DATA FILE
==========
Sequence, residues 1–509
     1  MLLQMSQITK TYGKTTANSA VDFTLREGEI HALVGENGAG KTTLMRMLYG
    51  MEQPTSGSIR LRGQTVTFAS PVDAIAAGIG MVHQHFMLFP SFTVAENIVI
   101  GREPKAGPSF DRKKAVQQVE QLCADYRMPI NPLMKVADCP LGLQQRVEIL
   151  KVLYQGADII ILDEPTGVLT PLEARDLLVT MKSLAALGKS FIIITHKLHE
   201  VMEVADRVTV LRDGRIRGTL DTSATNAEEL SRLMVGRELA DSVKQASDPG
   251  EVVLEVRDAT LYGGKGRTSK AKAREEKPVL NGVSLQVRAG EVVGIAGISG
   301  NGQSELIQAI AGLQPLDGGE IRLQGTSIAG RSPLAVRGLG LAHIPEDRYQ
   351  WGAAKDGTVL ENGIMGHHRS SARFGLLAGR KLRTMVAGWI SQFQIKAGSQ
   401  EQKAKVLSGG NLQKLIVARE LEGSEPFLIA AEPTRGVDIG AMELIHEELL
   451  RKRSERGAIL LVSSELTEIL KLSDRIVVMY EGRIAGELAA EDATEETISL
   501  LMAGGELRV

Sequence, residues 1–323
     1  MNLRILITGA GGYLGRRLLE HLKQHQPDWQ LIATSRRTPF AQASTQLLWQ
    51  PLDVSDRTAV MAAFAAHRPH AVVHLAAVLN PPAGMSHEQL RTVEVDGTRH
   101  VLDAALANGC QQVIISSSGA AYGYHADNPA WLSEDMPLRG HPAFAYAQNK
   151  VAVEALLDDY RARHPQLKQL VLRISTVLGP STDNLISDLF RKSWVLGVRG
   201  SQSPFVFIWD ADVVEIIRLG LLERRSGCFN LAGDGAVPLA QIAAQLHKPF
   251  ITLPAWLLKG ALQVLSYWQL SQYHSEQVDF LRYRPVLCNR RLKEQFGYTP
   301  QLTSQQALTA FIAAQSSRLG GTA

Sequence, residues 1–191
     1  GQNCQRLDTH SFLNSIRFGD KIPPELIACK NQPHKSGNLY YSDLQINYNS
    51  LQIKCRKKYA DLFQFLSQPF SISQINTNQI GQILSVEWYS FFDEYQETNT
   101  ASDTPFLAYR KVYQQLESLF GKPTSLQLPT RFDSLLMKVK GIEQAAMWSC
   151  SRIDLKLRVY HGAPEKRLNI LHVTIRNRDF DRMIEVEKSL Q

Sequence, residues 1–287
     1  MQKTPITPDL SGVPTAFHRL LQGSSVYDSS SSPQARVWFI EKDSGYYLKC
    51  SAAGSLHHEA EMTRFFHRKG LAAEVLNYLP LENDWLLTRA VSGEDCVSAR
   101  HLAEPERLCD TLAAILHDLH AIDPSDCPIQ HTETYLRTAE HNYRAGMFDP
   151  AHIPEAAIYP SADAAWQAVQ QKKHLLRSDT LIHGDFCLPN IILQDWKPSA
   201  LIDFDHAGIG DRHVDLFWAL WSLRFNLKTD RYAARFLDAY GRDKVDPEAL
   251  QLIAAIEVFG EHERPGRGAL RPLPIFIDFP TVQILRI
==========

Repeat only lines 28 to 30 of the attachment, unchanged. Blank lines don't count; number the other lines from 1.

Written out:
    51  SAAGSLHHEA EMTRFFHRKG LAAEVLNYLP LENDWLLTRA VSGEDCVSAR
   101  HLAEPERLCD TLAAILHDLH AIDPSDCPIQ HTETYLRTAE HNYRAGMFDP
   151  AHIPEAAIYP SADAAWQAVQ QKKHLLRSDT LIHGDFCLPN IILQDWKPSA